The overall theme of this new project is to establish and validate blood- and imaging-based biomarkers associated with the risk and progression of late onset Alzheimer's disease (LOAD), mild cognitive impairment (MCI) and the rate of cognitive decline in late life. We also propose to develop a framework with which we can understand how biomarkers interact and how they fit into the temporal sequence from healthy aging to dementia. This proposal is built on two decades of epidemiological research and systematic data collection in the multi-ethnic, Washington Heights, Hamilton Heights, Inwood, Columbia Aging Project (PO1AG07232). Over the past 20 years, we have investigated the rates of LOAD, MCI and cognitive decline in this urban community in northern Manhattan. We have investigated environmental, health-related and genetic risk factors of disease and predictors of disease progression by collecting longitudinal data on cognitive performance, emotional health, independence in daily activities, blood pressure, anthropometric measures, cardiovascular status and selected biomarkers in this elderly, multi-ethnic cohort, including lipids, amyloid peptides, sex hormones, homocysteine, insulin and C-reactive protein (CRP), and MRI. We have reported that the rates of disease and the frequency of disease risk factors vary across ethnic groups. We have identified one of the largest, multi-ethnic groups of incident LOAD cases facilitating studies of disease progression. Clinical and genetic data as well as biological resources are present for several thousand individuals. Biomarkers, cellular, biochemical or molecular alterations measurable in human tissues, cells, or fluids or by radiological means, are typically chosen because they are directly or indirectly in the causal pathway of disease. The emergence of structural and functional brain imaging has revolutionized epidemiological studies, particularly those using biomarkers for Alzheimer's disease. Positron emission tomography brain imaging using 11C Pittsburgh compound B is considered an in vivo measure of brain amyloid plaque load, while structural MRI, especially changes in brain volume and cerebral blood flow (CBF), can be considered an in vivo measures of neurodegeneration. In this new proposal, we will focus this longitudinal investigation on two sets of blood biomarkers that not only show consistent and robust associations to the risk of LOAD, MCI and cognitive decline, but that address the putative mechanisms related to amyloid burden and insulin resistance. We will take full advantage of the prospective design in this multi-ethnic cohort and the clinical, biological and brain imaging data collected to address six major hypotheses. The first two primary specific aims consider blood biomarkers as not only predictors of cognitive decline, MCI, LOAD and LOAD progression, but also as intermediate steps in the disease pathway, including neurodegeneration and cerebrovascular burden (MRI) and amyloid plaque load (PIB). In the last primary specific aim, brain imaging variables are predictors and cognitive decline, MCI, LOAD as well as LOAD progression are main outcomes.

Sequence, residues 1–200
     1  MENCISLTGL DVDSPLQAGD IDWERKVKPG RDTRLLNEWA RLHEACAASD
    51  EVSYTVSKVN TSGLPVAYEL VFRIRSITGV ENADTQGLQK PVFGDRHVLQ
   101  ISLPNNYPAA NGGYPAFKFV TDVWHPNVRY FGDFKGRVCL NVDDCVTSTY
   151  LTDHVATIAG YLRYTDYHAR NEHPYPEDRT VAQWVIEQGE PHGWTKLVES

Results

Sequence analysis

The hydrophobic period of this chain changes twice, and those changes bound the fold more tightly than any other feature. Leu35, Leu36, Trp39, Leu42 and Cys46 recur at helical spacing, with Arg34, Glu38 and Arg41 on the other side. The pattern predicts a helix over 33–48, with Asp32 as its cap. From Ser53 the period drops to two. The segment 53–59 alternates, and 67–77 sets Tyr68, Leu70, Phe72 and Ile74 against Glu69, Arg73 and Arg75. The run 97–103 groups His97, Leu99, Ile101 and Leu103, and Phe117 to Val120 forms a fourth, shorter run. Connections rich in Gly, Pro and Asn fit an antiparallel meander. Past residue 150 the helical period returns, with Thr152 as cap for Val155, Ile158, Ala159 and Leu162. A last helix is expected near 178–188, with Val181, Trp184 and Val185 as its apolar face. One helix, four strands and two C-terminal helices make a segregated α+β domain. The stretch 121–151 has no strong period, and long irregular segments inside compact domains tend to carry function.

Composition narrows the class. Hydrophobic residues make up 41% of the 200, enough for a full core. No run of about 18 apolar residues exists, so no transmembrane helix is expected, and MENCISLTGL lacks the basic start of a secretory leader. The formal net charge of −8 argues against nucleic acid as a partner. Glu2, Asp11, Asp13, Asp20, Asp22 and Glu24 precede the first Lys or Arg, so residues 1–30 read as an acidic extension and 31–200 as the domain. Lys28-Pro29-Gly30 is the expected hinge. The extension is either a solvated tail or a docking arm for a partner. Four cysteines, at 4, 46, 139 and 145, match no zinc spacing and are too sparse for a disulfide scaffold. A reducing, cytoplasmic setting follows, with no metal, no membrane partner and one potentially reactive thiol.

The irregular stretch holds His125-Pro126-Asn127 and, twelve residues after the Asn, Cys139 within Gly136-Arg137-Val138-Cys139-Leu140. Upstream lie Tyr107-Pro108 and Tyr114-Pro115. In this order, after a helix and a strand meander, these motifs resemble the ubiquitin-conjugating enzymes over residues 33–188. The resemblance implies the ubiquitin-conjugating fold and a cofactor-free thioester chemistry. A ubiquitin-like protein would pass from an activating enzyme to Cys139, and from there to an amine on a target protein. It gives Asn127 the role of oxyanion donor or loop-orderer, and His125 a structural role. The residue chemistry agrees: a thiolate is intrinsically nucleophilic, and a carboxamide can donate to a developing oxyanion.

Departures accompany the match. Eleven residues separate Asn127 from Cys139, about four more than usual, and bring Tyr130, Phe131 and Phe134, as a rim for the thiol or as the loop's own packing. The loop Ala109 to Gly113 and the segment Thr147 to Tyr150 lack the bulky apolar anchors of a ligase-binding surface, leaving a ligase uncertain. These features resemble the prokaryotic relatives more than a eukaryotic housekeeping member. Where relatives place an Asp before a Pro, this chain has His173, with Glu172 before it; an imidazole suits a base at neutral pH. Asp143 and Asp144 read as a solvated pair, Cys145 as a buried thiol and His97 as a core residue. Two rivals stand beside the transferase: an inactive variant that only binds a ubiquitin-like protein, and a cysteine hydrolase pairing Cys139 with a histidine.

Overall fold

Public Health Relevance

There is general agreement that developing biomarkers that measure the risk of cognitive decline, LOAD and related diseases as well as the rate of disease progression would greatly enhance clinical, epidemiological, and pharmacological research. Furthermore developing biomarkers that can be easily obtained using standard and acceptable medical procedures such as blood samples or brain imaging would facilitate their use in developing methods to delay or prevent disease in the general community. Therefore the potential public health impact of developing reliable and valid biomarkers in a multi-ethnic community is a major benefit of this proposed investigation.

National Institute of Health (NIH)
Research Project (R01)
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Neurological, Aging and Musculoskeletal Epidemiology Study Section (NAME)
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Anderson, Dallas
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Columbia University (N.Y.)
Schools of Medicine
New York
United States
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